Then the moment that makes all the above stress, pressure, deadlines, adrenaline rush worthwhile… the results of my first benchmark I’ve hit 3GB per second read and 2GB per second write! No, that cannot be true… rerun… confirmed… restart… reran… confirmed… reran… confirmed… holy crap, we just broke the 3GB read barrier! Shall we just consider that for a minute please, we have just read 3 gigabytes in a single second! In order to explain just how large 3GB is, shall we consider the Holy Bible, (no offence to any other religion but it is the most popular book in the world) based on this version here (http://www.truth.info/download/bible.htm) the Holy Bible contains 858,195 words, it has 31,102 lines, and there is 4,587,478 characters (including spaces) in it. We have just witnessed a computer system that is capable to read the equivalent of 719,000 bibles in a single second. It is capable to write almost 480,000 bibles out every second. Assume the world population is about 7 billion strong, well; this system can generate a bible for each person in just over 4 hours. Compared that to the fastest writing speed back in the days that the first Gutenburg Bible was produced. Johan Gutenburg produced an estimated 200 bibles and it took him almost 5 years. Here we have something that can read 719,000 Bibles in a single second!
I unfortunately don’t have a lot of benchmarks on the system given the time that I was allowed to test it, but below is some of the numbers that I’ve stored.
The client originally requested the installation of Windows Server 2008 R2, Enterprise Edition. As requested, the operating system was loaded (they would use their own activation codes) and all the updates, patches, drivers sorted. As mentioned, sorting out drivers was not that straightforward given Intel’s move to cripple their drivers to not operate on Server based Operating Systems. The client arrived to collect the system just as I was running a couple of more benchmarks. When suddenly, all hell broke loose…
The RAID 0 array failed, just as the benchmarks displayed on screen. Some explicative words followed from my side. This whole morning all benchmarks ran smoothly, consistently breaking 3GB/s, and as the client enter, disaster! First things first, silence the alarm, check the drives properly plugged in, long story short, we eventually traced it down to the two bottom drives in each of the Lian-Li 4×2.5” bays. The power connector requires a straight line connection, and not an “in-line” connection as comes standard with most power supplies. Fortunately, I had some old stock from an old build, and managed to use them on a Molex connector. Phew, that was close.
Client took PC, ready to take home and install SAS. I am exhausted, decided to take a well-earned nap, when my phone rang an hour or so later. “Skoups, help! SAS does not want to install…” quick diagnostic, the version of SAS they have is not for server architect (he took the wrong copy) they need Windows 7 installed. Instead of directing the client how to setup all the raid drives, all the drivers, etc, much easier I just do it myself. Client return the PC, managed to install Windows 7, updated all the drivers ensure everything work as it should in the new OS, and finally help him install SAS (but not before running one last benchmark for good time sake…) Run some quick SAS programmes to see that SAS works, but boy is she fast! Thrown in some quick SAS coding tips: “Proc Sort data = Whatever, Sortsize=max;” and suddenly this pc was in her elements processing data at a ridiculous rate of 3GB/s!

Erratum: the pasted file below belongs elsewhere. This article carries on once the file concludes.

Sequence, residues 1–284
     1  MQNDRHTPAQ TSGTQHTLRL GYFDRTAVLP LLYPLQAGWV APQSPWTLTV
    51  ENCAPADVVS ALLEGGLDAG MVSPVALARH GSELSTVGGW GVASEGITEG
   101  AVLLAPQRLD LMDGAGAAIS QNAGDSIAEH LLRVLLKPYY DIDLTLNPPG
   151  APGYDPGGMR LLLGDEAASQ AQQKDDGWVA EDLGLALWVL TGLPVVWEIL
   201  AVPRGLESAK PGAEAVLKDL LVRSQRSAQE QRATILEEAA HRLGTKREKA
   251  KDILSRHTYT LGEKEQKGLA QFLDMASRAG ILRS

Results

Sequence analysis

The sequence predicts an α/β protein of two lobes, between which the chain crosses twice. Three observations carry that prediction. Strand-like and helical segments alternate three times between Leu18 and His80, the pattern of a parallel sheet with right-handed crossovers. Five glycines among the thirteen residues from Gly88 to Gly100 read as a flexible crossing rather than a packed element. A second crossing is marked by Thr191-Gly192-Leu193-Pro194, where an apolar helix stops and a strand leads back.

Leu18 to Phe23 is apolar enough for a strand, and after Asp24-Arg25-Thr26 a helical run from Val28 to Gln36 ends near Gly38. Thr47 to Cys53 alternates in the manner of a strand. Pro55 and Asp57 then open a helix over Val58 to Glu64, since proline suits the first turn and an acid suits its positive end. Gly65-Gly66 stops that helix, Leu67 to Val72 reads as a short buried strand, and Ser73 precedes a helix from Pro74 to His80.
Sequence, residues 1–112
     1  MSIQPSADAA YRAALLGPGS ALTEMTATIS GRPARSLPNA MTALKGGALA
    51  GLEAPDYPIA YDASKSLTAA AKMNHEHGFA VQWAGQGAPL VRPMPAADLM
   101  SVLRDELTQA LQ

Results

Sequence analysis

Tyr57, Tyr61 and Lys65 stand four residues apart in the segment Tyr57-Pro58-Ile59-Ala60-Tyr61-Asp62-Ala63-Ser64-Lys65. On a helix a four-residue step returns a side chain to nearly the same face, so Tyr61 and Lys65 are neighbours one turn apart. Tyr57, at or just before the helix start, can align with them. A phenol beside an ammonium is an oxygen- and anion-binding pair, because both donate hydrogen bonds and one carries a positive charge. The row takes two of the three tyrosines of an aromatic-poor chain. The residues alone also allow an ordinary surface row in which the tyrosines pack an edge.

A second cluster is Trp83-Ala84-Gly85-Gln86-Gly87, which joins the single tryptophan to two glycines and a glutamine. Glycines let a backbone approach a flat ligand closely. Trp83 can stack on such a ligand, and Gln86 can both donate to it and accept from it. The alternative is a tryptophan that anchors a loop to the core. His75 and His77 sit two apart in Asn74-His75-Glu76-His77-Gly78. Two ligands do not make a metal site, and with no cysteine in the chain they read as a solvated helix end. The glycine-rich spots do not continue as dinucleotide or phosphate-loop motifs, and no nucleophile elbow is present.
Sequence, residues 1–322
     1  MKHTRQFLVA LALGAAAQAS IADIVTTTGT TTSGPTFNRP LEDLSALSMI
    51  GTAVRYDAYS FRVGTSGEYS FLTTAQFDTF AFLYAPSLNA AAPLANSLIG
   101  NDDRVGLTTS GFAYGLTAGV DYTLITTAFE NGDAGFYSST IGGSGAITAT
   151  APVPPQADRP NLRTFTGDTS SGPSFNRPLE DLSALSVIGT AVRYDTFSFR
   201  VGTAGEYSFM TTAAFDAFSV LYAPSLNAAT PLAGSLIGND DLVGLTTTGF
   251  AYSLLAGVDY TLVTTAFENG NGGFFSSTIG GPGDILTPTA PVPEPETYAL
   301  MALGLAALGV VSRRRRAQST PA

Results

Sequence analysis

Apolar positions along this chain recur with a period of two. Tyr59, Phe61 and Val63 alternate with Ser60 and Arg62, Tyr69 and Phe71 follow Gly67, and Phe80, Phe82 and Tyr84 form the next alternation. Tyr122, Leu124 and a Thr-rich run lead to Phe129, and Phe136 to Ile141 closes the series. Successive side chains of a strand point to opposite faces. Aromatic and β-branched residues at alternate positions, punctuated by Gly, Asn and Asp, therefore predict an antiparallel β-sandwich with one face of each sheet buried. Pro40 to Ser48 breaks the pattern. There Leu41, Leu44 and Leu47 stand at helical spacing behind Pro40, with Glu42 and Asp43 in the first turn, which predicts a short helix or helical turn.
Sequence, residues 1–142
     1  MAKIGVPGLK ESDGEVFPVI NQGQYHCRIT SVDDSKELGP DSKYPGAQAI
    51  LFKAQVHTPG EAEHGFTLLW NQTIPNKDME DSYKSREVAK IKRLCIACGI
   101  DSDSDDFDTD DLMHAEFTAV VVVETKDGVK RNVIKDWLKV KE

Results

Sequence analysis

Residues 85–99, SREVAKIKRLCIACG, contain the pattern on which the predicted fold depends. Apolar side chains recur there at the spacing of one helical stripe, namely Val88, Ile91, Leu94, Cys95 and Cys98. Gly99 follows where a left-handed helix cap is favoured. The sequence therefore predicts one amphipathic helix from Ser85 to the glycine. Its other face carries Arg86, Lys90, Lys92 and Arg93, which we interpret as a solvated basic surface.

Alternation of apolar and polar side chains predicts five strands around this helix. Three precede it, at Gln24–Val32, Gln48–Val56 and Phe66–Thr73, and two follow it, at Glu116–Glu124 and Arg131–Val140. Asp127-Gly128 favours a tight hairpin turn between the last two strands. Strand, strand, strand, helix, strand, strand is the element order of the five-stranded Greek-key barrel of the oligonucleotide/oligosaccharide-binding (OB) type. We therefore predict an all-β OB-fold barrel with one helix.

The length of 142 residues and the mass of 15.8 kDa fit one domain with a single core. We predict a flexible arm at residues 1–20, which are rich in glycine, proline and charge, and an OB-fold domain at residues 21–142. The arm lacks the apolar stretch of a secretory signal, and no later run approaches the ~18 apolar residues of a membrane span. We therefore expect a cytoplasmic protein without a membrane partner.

Working on my first system that is capable to process data at a rate of 3GB per second is an experience one will always cherished. You double click on a 100MB file, and the file is open. You double click on a 1GB file, and the file is open. I remember not too long ago, when I bought my first “big” computer. It contained a 100MHz Intel Pentium processor, overclocked to 120MHz, and paired with a standard drive of 850MB. A couple of years later, I increased my hard drive space to a 30GB Seagate drive. Today, I would have processed that whole 850MB drive in a fraction of a second, the 30GB drive in 10 seconds. I can go on just how cool it is to work on a system that fast, but you will just need to actually do it before you will appreciate it. I am fortunate that I had a lot of “great firsts” when it came to benchmarks, for instance when I hit my first 10,000 score in 3DMark03, or more recently, building my first 18TB drive array for a client, they were all great moments, but hitting that 3GB/s read is definitely one of the best ones yet!
I received some feedback the following week or so, the client confirmed that jobs that they ran on their existing platform, which would have taken several hours, is now processed in a matter of minutes. So yeah, looks like it is mission accomplished…
All that I can say is that was one hell of a weekend…
Ps, I managed to recover the deleted partition on my “previous” transfer drive, so am just using that.
PPs, my supplier got the raid cards back in stock, I’ve picked up 2 of them and some extra Vertex 3 drives… watch this space as I have a new target in mind for my own rig…. mhwahahaha….
PPPs, apologies for the quality and quantity of the photos, and the complete lack of benchmarks, I just did not had sufficient time to do everything I wanted to with this rig.